CRISPR Interference Efficiently Induces Specific and Reversible Gene Silencing in Human iPSCs
Developing technologies for efficient and scalable disruption of gene expression will provide powerful tools for studying gene function, developmental pathways, and disease mechanisms. Here, we develop clustered regularly interspaced short palindromic repeat interference (CRISPRi) to repress gene expression in human induced pluripotent stem cells (iPSCs). CRISPRi, in which a doxycycline-inducible deactivated Cas9 is fused to a KRAB repression domain, can specifically and reversibly inhibit gene expression in iPSCs and iPSC-derived cardiac progenitors, cardiomyocytes, and T lymphocytes. This gene repression system is tunable and has the potential to silence single alleles. Compared with CRISPR nuclease (CRISPRn), CRISPRi gene repression is more efficient and homogenous across cell populations. The CRISPRi system in iPSCs provides a powerful platform to perform genome-scale screens in a wide range of iPSC-derived cell types, dissect developmental pathways, and model disease. Copyright © 2016 Elsevier Inc. All rights reserved.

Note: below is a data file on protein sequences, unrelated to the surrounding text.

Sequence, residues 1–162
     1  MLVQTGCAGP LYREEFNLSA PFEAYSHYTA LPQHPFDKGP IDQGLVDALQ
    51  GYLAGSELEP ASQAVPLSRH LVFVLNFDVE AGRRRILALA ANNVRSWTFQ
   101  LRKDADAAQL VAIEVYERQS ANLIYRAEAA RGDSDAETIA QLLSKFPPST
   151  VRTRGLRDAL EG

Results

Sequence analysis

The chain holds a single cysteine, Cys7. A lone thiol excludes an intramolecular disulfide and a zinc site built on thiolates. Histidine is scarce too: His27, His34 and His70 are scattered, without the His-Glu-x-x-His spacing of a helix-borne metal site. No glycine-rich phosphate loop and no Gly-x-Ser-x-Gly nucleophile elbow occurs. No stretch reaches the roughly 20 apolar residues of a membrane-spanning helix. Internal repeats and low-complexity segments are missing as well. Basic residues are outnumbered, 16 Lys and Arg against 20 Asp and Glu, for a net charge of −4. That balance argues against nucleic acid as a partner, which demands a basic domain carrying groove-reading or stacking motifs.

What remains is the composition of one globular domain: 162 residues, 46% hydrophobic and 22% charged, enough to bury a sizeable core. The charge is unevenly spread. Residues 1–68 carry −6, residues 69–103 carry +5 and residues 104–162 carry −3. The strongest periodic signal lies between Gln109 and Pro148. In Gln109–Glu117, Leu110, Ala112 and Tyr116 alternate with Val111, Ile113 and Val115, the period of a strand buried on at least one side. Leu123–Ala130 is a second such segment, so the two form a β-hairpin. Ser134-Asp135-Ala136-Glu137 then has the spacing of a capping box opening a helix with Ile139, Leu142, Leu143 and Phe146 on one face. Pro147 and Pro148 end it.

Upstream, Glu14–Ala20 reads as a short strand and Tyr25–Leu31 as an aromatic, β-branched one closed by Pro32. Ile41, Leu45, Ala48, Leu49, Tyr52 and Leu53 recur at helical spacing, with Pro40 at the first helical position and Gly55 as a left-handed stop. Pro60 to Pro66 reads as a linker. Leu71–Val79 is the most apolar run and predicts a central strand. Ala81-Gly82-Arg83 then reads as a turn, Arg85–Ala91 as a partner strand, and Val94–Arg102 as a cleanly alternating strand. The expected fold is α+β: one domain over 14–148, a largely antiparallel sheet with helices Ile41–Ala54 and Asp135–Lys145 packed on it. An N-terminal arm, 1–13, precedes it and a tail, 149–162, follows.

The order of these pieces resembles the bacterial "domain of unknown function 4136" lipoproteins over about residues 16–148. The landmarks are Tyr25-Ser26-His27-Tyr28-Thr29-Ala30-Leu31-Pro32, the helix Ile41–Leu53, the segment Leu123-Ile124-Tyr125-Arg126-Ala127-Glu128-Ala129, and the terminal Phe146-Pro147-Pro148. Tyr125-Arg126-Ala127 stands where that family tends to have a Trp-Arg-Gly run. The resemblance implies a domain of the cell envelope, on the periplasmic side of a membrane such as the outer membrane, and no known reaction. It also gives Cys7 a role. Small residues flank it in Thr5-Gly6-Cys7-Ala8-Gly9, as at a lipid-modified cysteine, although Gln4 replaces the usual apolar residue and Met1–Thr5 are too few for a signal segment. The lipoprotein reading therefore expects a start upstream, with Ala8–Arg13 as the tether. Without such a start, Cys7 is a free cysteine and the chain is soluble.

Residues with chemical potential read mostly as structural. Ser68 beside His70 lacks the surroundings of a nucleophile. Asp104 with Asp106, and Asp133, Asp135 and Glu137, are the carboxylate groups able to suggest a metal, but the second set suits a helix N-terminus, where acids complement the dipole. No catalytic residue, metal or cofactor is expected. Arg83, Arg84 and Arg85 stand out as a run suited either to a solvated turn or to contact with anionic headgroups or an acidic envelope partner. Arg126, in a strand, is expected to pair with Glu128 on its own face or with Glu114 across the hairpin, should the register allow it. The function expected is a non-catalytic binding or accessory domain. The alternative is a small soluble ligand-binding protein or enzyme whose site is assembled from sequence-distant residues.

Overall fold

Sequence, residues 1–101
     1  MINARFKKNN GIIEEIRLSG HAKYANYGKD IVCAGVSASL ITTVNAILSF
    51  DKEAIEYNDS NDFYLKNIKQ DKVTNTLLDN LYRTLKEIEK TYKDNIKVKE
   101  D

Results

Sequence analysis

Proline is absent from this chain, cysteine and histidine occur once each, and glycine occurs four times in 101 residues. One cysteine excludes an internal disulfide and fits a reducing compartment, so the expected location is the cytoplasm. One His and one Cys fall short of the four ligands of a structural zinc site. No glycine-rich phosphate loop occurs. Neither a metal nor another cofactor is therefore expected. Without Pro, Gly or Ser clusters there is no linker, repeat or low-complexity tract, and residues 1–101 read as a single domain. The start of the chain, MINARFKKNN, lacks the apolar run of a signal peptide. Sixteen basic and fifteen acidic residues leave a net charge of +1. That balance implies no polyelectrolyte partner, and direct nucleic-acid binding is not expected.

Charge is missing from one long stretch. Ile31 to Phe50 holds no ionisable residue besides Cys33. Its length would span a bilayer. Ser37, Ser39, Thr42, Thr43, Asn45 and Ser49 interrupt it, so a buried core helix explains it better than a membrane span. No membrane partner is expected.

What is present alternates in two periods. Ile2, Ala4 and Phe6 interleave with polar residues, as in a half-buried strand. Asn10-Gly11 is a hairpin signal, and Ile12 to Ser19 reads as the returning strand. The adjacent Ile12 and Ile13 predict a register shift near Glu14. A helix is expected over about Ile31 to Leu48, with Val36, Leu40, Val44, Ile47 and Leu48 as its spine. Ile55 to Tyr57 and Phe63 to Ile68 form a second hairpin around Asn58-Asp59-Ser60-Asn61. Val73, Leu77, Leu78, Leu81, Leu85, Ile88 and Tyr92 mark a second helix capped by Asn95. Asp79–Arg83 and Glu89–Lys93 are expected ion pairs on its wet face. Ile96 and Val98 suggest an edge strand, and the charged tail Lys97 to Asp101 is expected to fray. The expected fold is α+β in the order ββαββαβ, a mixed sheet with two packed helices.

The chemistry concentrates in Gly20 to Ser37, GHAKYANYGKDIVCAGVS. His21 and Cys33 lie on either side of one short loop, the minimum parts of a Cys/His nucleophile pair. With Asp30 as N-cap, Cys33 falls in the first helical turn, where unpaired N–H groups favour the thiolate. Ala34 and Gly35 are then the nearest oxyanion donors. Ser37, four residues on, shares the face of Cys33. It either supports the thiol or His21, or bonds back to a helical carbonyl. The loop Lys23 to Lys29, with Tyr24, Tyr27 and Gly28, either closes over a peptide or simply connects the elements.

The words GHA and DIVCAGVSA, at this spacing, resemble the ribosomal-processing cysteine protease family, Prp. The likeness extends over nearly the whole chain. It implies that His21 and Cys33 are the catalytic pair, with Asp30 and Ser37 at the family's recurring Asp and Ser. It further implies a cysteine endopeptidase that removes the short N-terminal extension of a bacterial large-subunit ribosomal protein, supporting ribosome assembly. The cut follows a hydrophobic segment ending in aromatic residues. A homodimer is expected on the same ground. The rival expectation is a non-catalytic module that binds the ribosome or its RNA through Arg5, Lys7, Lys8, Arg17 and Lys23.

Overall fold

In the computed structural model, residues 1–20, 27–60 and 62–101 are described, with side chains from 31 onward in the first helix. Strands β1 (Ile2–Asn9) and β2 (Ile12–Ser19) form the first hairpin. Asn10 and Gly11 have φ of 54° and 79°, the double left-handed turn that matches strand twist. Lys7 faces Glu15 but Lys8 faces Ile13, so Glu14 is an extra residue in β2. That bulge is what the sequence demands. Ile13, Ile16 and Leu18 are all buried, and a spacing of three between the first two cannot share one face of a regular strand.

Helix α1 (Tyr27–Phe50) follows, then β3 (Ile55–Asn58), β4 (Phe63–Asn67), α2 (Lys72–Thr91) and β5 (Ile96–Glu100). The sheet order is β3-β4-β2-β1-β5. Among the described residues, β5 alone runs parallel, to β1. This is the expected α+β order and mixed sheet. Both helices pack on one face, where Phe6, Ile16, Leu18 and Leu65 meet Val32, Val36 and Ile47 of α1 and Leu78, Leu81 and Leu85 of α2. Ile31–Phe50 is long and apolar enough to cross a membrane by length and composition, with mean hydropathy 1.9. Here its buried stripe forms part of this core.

|Authors||Mandegar MA, Huebsch N, Frolov EB, Shin E, Truong A, Olvera MP, Chan AH, Miyaoka Y, Holmes K, Spencer CI, Judge LM, Gordon DE, Eskildsen TV, Villalta JE, Horlbeck MA, Gilbert LA, Krogan NJ, Sheikh SP, Weissman JS, Qi LS, So PL, Conklin BR|
|Journal||Cell stem cell|
|Publication Date||2016 Apr 7;18(4):541-53|